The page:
Keep Your Kids Active During March Break
I have three kids between the ages of nine and 13 starting March Break very soon. Most of their physical activity is completed during school recess, walking to and from school and the occasional playtime outdoors. They are a little shy of the recommended 60 minutes of daily vigorous activity and I am afraid they will just want to sit around and vegetate in front of the television during their holidays. What do you suggest I do to keep them active during the March break?
In the sports world, I often hold weekly training camps in the off-season to ensure the athletes are in shape for the competitive season. I am always astonished by the amount of physical improvements that can be achieved in a week of focused training. For kids not involved in team sports or camps, I often recommend parents use March Break as a "training camp" for improved health and fitness. I call it "March Madness." The goal is to get your kids motivated about leading a healthy lifestyle -- one that includes at least 60 minutes of daily vigorous activity. Some parents take it a step further and implement healthy eating as well. By doing all the activities together as a family, you not only provide a great example to your kids, but it also becomes a great bonding experience.
Here's an example of what I'd suggest to parents for a week-long "training camp."
Training Schedule for the Week
The following is an example of activities that are fun, do not require a lot of specific skills and are also cost-conscious.
Monday: Hiking for 60 minutes. Hiking challenges your cardiovascular system and builds strength and endurance in your legs.
Tuesday: Rock climbing for 60 minutes. Inexperienced rock climbers typically use too much upper body effort and not enough legs. Although you may not be a great rock climber, this poor technique is excellent for building upper body and core strength, endurance and flexibility.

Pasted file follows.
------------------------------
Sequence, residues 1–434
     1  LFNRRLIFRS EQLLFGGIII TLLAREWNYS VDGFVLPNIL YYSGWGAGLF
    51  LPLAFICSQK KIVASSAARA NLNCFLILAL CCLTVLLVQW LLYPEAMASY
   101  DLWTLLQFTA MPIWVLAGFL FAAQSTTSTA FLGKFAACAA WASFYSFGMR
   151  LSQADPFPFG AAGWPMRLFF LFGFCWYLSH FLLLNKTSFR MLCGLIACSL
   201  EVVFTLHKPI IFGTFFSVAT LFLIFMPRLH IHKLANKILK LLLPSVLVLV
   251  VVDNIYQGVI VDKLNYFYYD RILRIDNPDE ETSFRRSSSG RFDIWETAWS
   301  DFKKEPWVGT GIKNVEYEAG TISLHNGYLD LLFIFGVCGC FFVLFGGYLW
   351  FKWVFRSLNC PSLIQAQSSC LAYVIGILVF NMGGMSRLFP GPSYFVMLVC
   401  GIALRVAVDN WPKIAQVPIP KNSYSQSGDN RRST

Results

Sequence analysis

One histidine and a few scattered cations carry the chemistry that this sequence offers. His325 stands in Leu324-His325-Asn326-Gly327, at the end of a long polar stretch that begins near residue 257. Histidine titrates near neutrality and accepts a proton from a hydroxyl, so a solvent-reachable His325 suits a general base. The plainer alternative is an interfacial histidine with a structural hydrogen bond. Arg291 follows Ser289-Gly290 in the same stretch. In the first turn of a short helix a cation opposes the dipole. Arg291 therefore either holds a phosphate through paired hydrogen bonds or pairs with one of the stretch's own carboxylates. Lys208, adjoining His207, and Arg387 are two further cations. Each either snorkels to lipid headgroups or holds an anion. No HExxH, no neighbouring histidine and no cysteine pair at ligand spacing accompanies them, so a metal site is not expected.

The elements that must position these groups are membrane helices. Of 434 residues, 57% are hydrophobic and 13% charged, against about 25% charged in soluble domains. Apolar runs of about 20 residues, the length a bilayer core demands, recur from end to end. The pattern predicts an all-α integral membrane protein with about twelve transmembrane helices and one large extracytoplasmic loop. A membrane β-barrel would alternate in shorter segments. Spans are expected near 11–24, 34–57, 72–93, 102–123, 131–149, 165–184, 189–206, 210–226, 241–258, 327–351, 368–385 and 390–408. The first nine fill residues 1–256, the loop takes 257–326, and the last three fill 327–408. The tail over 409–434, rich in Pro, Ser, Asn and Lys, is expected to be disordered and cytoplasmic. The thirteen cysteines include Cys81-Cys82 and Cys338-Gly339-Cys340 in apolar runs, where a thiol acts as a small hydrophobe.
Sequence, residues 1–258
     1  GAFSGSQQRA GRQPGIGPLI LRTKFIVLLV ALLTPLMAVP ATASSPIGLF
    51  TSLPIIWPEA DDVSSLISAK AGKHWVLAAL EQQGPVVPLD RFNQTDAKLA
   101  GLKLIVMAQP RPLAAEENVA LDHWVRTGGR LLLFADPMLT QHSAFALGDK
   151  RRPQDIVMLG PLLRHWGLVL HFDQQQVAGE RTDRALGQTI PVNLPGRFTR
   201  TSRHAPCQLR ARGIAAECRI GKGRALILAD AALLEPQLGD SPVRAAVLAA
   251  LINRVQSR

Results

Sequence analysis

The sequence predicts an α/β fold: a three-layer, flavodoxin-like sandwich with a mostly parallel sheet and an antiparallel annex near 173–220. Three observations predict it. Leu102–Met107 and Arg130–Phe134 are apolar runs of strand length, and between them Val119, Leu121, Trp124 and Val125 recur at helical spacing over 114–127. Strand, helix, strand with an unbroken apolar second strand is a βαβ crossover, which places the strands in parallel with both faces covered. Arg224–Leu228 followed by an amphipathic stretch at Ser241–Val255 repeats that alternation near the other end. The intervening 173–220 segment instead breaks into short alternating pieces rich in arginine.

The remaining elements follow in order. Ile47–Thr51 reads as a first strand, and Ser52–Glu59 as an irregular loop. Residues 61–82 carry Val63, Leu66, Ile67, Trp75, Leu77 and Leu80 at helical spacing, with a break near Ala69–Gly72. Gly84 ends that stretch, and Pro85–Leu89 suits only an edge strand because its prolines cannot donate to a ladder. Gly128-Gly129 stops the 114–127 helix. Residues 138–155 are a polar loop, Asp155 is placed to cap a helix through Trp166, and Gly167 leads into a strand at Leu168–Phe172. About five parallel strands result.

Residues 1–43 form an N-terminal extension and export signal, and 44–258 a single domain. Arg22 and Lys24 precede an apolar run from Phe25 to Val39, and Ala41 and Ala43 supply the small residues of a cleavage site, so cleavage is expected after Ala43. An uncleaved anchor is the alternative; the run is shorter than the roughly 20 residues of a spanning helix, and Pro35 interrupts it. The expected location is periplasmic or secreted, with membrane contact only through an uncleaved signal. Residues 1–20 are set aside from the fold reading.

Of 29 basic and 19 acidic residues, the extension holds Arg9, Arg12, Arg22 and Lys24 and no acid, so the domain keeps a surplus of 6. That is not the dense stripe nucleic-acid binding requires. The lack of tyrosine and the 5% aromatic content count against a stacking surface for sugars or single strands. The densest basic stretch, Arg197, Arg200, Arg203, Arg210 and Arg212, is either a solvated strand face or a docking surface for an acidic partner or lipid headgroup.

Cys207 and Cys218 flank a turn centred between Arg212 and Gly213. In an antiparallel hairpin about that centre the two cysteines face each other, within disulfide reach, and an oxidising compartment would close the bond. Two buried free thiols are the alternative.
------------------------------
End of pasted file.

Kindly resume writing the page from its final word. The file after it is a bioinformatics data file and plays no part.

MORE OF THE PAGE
Wednesday: Snowshoeing for 60 minutes. This activity is a lot harder than it looks! When the snow is deep, you are forced to lift your knees high against the resistance of the snow. Be careful, as your heart rate will rise fairly high.
Thursday: Skiing for a day. Beginners to advanced skiers will strengthen their leg muscles as they shift and turn their body weight on every run they complete. Managing five to 10 runs in a day is the equivalent of (if not more) five to 10 sets of squats or leg presses in the gym.
Friday: Tubing for a day. It's always smart to end the week on a high note with a fun activity. Kids love tubing or tobogganing. If you want to make it a workout, take turns pulling the toboggan or sled up the hill. This is a lot harder than it sounds, especially if your little ones ask you to pull them up the hill!
All of the above activities can be broken down with breaks for lunch or snacks. This needs to be a positive experience in order to keep your kids motivated to continue on the path of healthy living.
Have your own ideas for keeping kids fit and active during the March Break? Feel free to share them in the comments below!
Reggie Reyes is a certified kinesiologist and personal trainer. He is the president and founder of pt4kids, a company that creates specialized training programs for kids all ages and fitness levels.
Ask Us Anything About Parenting
- inventions become professions and you should to get paid to go to school. guy wont's to retire one day degree no good ........ ...
- If it is a law it should be amended i was barred for 5 years for falling asleep while reading at barnes and noble dc
- Governor at 15 the average life expectancy in 1950 was about 50 making 25 middle age and your prime about 15-17